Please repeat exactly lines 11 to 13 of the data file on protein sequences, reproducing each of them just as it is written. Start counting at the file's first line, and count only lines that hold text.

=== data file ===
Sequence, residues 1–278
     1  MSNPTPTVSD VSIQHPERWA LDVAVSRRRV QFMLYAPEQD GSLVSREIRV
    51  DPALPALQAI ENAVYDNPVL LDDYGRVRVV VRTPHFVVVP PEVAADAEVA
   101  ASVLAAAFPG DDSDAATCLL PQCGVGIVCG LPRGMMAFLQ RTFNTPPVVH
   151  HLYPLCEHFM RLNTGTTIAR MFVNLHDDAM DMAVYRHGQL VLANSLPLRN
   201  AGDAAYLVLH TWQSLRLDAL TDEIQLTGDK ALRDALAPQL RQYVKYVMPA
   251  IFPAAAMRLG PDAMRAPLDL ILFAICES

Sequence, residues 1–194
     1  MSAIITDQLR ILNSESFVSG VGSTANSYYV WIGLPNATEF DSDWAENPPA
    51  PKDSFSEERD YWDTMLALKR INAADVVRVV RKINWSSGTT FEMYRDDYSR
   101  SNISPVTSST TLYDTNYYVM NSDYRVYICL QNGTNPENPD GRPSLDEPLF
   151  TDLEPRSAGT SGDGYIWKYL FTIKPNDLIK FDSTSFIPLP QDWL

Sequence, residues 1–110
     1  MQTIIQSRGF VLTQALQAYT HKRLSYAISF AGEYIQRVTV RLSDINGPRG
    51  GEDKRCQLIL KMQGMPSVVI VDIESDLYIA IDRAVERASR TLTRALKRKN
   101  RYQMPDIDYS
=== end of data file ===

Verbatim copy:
   101  SNISPVTSST TLYDTNYYVM NSDYRVYICL QNGTNPENPD GRPSLDEPLF
   151  TDLEPRSAGT SGDGYIWKYL FTIKPNDLIK FDSTSFIPLP QDWL

Sequence, residues 1–110